June 22, Sunday, 2:30 am

My parents and I are in deep slumber when we had noticed the sound of the howling wind outside. Anong meron???

Who would have known that the eye of the storm, Frank, has landed in Manila that early morning. There was no rain, but the wind was so strong we felt that it would skin our roof bare. No joke! We kept our fingers crossed as we listened to our rusty roof squeaking in the battering wind.

We woke up around 7am and learned from the news that Manila is under signal no.3. The highest storm alert level given by the country’s weather agency PAGASA (Philippine Atmospheric, Geophysical and Astronomical Services Administration) (In Tagalog: Pangasiwaang Pilipino sa Palingkurang Atmosperiko, Heopisikal at Astronomiko – Now that’s a trivia bit!)

News regarding the onslaught of Frank in Iloilo and the Visayan region was reported since yesterday. However, the rage of the storm arriving at the doorstep of Manila… well, that was not highlighted in the news! The hell! Yesterday, it was a sunny hot afternoon and my neighbor even had a videoke set up outside their house to have a birthday bash! Who would expect that the eye of the storm will be arriving at the holiest hour of sleep the next morning!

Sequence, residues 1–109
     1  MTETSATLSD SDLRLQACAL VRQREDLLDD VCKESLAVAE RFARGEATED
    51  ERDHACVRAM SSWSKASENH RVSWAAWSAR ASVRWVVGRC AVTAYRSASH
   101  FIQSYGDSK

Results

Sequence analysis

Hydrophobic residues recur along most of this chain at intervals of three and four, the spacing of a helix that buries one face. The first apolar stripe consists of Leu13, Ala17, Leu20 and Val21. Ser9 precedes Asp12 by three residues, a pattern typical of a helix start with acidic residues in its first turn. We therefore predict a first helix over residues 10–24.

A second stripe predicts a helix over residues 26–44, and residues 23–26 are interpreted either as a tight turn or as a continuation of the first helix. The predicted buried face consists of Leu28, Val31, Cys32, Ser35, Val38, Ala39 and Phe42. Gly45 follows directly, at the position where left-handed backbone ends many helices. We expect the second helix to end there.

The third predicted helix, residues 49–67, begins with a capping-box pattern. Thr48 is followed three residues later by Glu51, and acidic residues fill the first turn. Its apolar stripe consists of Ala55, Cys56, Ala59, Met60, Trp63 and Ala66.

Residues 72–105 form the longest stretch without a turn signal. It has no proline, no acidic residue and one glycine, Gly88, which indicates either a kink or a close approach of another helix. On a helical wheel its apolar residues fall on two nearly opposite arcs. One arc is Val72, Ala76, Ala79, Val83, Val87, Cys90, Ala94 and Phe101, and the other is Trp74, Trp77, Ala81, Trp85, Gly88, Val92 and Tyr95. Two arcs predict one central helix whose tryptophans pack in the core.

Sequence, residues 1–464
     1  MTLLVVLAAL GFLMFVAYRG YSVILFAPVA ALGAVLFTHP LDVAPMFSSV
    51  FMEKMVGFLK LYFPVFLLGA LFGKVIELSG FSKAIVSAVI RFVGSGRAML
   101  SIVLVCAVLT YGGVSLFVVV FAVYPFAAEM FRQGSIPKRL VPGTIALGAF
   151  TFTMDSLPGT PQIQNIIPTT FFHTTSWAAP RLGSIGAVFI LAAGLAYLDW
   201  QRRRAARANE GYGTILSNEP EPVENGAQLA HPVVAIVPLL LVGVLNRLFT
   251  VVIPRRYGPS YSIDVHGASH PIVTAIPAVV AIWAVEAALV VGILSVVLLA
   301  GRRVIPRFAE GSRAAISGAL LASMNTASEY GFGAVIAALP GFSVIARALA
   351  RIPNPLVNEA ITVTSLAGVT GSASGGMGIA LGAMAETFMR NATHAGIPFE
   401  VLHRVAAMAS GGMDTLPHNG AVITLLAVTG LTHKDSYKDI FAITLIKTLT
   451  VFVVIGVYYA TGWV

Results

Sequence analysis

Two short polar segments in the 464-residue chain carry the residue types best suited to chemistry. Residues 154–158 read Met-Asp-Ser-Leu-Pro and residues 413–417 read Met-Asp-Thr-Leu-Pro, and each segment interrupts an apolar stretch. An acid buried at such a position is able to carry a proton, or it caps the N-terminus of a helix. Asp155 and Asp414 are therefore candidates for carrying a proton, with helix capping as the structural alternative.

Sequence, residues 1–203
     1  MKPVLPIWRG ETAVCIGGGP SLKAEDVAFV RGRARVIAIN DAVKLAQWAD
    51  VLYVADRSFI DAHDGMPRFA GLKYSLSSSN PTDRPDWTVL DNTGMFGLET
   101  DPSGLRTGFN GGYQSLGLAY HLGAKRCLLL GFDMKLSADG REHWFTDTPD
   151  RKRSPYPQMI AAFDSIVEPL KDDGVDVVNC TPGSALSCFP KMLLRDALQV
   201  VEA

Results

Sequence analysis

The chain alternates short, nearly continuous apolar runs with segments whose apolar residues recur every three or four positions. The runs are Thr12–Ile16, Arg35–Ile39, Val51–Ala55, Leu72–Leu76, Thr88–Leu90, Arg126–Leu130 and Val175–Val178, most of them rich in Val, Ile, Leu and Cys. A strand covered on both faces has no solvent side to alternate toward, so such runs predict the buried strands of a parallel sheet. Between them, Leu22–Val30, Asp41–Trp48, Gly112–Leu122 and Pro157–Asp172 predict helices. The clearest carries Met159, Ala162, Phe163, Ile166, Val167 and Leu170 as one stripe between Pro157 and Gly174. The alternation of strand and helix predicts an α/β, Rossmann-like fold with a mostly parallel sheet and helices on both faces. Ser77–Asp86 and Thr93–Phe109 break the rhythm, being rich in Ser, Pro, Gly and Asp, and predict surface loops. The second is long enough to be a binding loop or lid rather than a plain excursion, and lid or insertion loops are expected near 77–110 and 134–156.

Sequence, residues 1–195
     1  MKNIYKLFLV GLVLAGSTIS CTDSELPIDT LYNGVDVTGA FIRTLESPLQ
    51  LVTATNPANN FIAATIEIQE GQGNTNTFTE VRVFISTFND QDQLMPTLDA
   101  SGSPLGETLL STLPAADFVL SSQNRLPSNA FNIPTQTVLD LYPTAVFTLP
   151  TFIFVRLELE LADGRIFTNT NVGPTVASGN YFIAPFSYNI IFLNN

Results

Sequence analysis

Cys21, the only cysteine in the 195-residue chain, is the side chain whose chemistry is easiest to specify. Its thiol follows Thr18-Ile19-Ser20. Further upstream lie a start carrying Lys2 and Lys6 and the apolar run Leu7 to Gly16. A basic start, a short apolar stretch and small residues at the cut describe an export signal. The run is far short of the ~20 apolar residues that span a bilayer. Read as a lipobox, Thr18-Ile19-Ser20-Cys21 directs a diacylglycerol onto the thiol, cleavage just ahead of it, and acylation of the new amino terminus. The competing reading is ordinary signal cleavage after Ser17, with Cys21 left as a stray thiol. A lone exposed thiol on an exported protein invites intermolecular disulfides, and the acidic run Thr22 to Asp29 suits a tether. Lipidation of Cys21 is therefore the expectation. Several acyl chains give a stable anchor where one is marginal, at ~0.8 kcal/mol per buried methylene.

Misinformation and confusion regarding the status of weather in the Philippines has long been a pain in the neck. Not to mention, the finger pointing of mayors and government agencies as to who will announce the suspension of classes and work in offices. Seems like people are already used to the pathetic ritual of going to work/school in the morning, bravely facing the hard rain, and moments later when flood has already risen up to your armpits, they will request you to return home (for your own safety).

Storms are inevitable. To ensure safety of the public, the only way is to be prepared for the said calamity ahead of time. So, you tune over the radio or TV. Just pray that the supply of electricity will not be cut off from your place. You can also check the internet for a real time update.

When I checked PAGASA website http://www.pagasa.dost.gov.ph/ , this is what flashed before my eyes…

Wow! Very accessible.

After several more attempts and summoning what is left of my patience, the site had finally loaded.

My main concern was to learn about flooded areas in Manila, so I clicked the Flood Forecast tab of the site. Lo and behold!!!

Okeeeyyyy…. So seeking wisdom from PAGASA’s website is not such a good idea. I will stick to FM radio powered by 9 gigantic size D batteries. How reliable!

I believe PAGASA is equipped with the right gadgets to monitor and forecast weather situations. The sad problem lies on information dissemination. The media should be more aggressive in updating the public of the status of weather. Our steadfastness and readiness to face natural calamities should already be innate in us, the Philippines being a country of having an average of 30 storms a year.

Where is hope in PAGASA?


Have an extra drizzle of this unweatherly report from the wisdom of a cow.